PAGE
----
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Wisconsin seniors might face regular license exams

By Larry Sandler
Milwaukee Journal Sentinel

Wisconsin's oldest drivers would have to face regular tests to keep their licenses, under a bill that has won support from the state's key aging organizations, state Rep. Sheldon Wasserman (D-Milwaukee) said Wednesday.

Proposed Provisions
Under the proposed bill, drivers ages 75 to 84 would be required to pass vision tests every three years. Drivers 85 and older would be required to pass vision tests and written driving exams every two years. Licenses still would be good for eight years, but would be suspended for anyone who failed a test or refused to take one.

The Assembly Transportation Committee was to vote this week on a compromise that Wasserman worked out with those groups after an earlier version of his legislation drew heated opposition.

Under the latest form of the bill, drivers would be required to pass vision tests every three years from 75 to 84, and to pass both vision tests and written driving exams every two years from 85 on, Wasserman said. Licenses would still be good for eight years but would be suspended for anyone who failed a test or refused to take one, he said.

To pay for the increased testing of older drivers, Wasserman's bill would increase fees for drivers who fail road tests at any age. Currently, drivers pay $15 for a road test, but those who flunk the first test can take two more tests within six months for free. This legislation would levy $15 fees for every test.

The issue of older drivers' abilities has been sharply debated in legislative chambers and over kitchen tables. Statistics show that drivers older than 75 crash more often than everyone but teenagers. But in this automobile-oriented society, many older drivers fear they would lose their independence if they give up their car keys.

Last summer, an 86-year-old man drove his car into a crowded farmers' market in Santa Monica, Calif., killing 10 people and injuring dozens. A few months later, an 85-year-old Cedar Grove woman died in a head-on collision while driving the wrong way on I-43 in Port Washington.

Dementia, vision concerns
One of the drivers who would be affected by the proposed Wisconsin legislation is also one of its co-sponsors: Rep. J.A. "Doc" Hines (R-Oxford). At 76, he's the oldest member of the Legislature.

Hines said one of the most convincing arguments in favor of the bill came from the Wisconsin arm of the Alzheimer's Association. In a letter to Wasserman, association lobbyist Rob Gundermann said studies show that 47% of people older than 85 have dementia.

"We can't rely on physicians and family members to report unsafe drivers," because they're afraid they'll damage their relationships with the drivers, Gundermann wrote. Hines and Wasserman said they've heard similar comments from others.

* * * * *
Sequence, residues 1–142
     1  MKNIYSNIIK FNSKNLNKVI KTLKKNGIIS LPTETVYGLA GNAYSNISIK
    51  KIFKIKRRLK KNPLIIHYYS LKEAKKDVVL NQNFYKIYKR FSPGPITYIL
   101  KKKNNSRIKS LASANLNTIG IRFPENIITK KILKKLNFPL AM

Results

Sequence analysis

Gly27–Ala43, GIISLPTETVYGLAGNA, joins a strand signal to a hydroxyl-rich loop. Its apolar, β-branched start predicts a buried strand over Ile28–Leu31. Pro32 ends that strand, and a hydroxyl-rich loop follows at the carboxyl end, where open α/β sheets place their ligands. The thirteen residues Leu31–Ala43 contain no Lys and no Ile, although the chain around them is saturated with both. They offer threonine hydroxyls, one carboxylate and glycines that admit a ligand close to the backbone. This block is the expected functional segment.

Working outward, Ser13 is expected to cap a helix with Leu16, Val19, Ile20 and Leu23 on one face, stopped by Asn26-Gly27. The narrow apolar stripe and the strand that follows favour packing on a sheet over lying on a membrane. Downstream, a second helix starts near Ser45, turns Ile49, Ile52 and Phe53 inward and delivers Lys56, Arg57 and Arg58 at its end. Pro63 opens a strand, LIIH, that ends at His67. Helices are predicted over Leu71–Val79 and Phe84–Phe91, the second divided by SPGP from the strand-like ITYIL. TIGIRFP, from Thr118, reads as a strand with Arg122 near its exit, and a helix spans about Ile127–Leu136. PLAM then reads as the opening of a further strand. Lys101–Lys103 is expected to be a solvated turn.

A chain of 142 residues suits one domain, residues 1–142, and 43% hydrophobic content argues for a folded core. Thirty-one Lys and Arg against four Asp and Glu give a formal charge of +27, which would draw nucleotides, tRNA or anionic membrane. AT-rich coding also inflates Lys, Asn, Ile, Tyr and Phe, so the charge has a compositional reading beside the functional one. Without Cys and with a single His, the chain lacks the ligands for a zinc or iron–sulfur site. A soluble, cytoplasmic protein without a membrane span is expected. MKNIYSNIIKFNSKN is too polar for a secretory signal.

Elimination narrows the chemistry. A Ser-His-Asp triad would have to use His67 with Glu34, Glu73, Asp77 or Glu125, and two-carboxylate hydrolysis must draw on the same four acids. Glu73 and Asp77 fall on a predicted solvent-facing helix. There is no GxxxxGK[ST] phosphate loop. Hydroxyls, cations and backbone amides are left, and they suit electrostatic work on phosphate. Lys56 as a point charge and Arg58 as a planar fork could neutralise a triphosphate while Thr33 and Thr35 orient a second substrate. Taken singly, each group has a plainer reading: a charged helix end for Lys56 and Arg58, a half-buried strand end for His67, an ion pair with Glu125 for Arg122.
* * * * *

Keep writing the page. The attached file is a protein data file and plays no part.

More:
"We need to leave it in the hands of the people whose business it is to decide who's fit to drive," Hines said.

Wasserman, a physician, said he introduced the bill partly at the urging of eye doctors who told him their patients' sight was deteriorating in the eight years between license renewals.
Among those doctors was Kevin Flaherty, a Wausau ophthalmologist who told of a 99-year-old patient with a license that will be valid until she turns 105.

"I really do have a grave concern" about the eyesight of older drivers, whose vision can change dramatically in a year or two, Flaherty said.

Although Wisconsin is one of 28 states without special restrictions on older drivers, it is the only one of those states with an eight-year license renewal period, according to the Insurance Institute for Highway Safety.

But approval of the bill is by no means certain, Hines said. He said he had received more emotional comments, both pro and con, on this legislation than on any other measure, including the concealed weapons bill that could face a veto override vote in the Assembly soon.

"Some people feel it's a God-given right to drive as long as they can crawl behind the wheel, or someone can put them there," Hines said.

Sensitive issue
In the past, many lawmakers wouldn't touch similar measures because they feared offending older constituents, a powerful voting bloc. That's why it's crucial that this legislation has the backing of the Coalition of Wisconsin Aging Groups and AARP Wisconsin as well as the Alzheimer's Association, Hines said.

The coalition opposed the original version of Wasserman's bill, said its executive director, Tom Frazier.

That version would have required more frequent license renewals - at ages 75, 78 and 80, then every two years until age 95 and every year after that, with road tests from age 80 and older as well as vision tests. Road tests also would have been required for anyone older than 75 with a moving violation. And older drivers would have paid higher license fees than younger drivers.

The current legislation removes what Frazier called the most onerous requirements on older drivers.

It also calls for two studies that aging groups wanted: a five-year look at how the law is working and a two-year review of how Wisconsin's entire transportation system, both roads and public transit, can be improved to better meet the needs of older residents, Frazier and Wasserman said.

Wasserman estimated those studies would cost about $150,000, in addition to the estimated $100,000 cost of additional tests for older drivers. But boosting fees for retesting drivers of all ages would raise about $500,000, leaving about $250,000 for other transportation programs, he said.

The Transportation Committee will consider the bill at 8:30 a.m. today in Room 417-North of the state Capitol.